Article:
Highly revered Nigerian Maritime Lawyer, and Senior Advocate of Nigeria (SAN), Mike Igbokwe has urged the Nigeria Maritime Administration and safety Agency (NIMASA) to partner with ship owners and relevant association in the industry to evolving a more vibrant merchant shipping and cabotage trade regime.

Igbokwe gave the counsel during his paper presentation at the just concluded two-day stakeholders’ meeting on Cabotage waiver restrictions, organized by NIMASA.

“NIMASA and shipowners should develop merchant shipping including cabotage trade. A good start is to partner with the relevant associations in this field, such as the Nigeria Indigenous Shipowners Association (NISA), Shipowners Association of Nigeria (SOAN), Oil Trade Group & Maritime Trade Group of the Nigerian Association of Chambers of Commerce, Industry, Mines and Agriculture (NACCIMA).

“A cursory look at their vision, mission and objectives, show that they are willing to improve the maritime sector, not just for their members but for stakeholders in the maritime economy and the country”.

Adding that it is of utmost importance for NIMASA to have a through briefing and regular consultation with ships owners, in other to have insight on the challenges facing the ship owners.

“It is of utmost importance for NIMASA to have a thorough briefing and regular consultations with shipowners, to receive insight on the challenges they face, and how the Agency can assist in solving them and encouraging them to invest and participate in the maritime sector, for its development.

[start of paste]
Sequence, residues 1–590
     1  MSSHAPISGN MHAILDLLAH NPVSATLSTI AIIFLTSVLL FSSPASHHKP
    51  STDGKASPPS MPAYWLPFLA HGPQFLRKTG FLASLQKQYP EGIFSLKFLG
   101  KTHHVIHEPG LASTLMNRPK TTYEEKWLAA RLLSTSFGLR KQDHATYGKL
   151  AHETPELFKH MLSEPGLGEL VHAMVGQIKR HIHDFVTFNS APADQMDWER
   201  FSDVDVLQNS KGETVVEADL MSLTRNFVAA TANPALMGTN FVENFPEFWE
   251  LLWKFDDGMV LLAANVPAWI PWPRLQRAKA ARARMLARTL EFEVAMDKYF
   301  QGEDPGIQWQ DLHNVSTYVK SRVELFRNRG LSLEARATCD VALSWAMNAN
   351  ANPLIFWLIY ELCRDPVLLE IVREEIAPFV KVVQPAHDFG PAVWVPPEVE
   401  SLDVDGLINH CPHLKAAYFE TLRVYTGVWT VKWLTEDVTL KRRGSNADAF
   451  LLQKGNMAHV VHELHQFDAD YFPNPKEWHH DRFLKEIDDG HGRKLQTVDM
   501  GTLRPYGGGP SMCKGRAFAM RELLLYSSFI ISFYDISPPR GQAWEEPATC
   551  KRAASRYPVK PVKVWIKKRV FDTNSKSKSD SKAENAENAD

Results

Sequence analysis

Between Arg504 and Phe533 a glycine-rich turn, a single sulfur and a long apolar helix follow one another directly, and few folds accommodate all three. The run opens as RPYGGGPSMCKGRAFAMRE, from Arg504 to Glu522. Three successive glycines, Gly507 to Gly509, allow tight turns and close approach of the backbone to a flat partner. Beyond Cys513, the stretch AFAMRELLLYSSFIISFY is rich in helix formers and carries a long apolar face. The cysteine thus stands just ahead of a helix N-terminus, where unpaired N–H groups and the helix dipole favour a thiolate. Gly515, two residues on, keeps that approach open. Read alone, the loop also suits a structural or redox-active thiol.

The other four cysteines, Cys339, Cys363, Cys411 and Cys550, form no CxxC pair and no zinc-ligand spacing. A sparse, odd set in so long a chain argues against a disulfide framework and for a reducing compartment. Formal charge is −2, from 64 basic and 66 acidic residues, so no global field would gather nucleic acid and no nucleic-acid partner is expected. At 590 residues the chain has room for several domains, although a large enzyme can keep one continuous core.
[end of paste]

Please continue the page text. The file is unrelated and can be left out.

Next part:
“NIMASA should see them as partners in progress because, if they do not invest in buying ships and registering them in Nigeria, there would be no Nigerian-owned ships in its Register and NIMASA would be unable to discharge its main objective.

The Maritime lawyer also urged NIMASA  to disburse the Cabotage Vessel Financing Fund (CVFF)that currently stands at about N44.6 billion.

“Lest it be forgotten, what is on the lips of almost every shipowner, is the need to disburse the Cabotage Vessel Financing Fund (the CVFF’), which was established by the Coastal and Inland Shipping Act, 2003. It was established to promote the development of indigenous ship acquisition capacity, by providing financial assistance to Nigerian citizens and shipping companies wholly owned by Nigerian operating in the domestic coastal shipping, to purchase and maintain vessels and build shipping capacity. 

“Research shows that this fund has grown to about N44.6billion; and that due to its non-disbursement, financial institutions have repossessed some vessels, resulting in a 43% reduction of the number of operational indigenous shipping companies in Nigeria, in the past few years. 

“Without beating around the bush, to promote indigenous maritime development, prompt action must be taken by NIMASA to commence the disbursement of this Fund to qualified shipowners pursuant to the extant Cabotage Vessel Financing Fund (“CVFF”) Regulations.

Mike Igbokwe (SAN)

“Indeed, as part of its statutory functions, NIMASA is to enforce and administer the provisions of the Cabotage Act 2003 and develop and implement policies and programmes which will facilitate the growth of local capacity in ownership, manning and construction of ships and other maritime infrastructure. Disbursing the CVFF is one of the ways NIMASA can fulfill this mandate.

“To assist in this task, there must be collaboration between NIMASA, financial institutions, the Minister of Transportation, as contained in the CVFF Regulations that are yet to be implemented”, the legal guru highlighted further.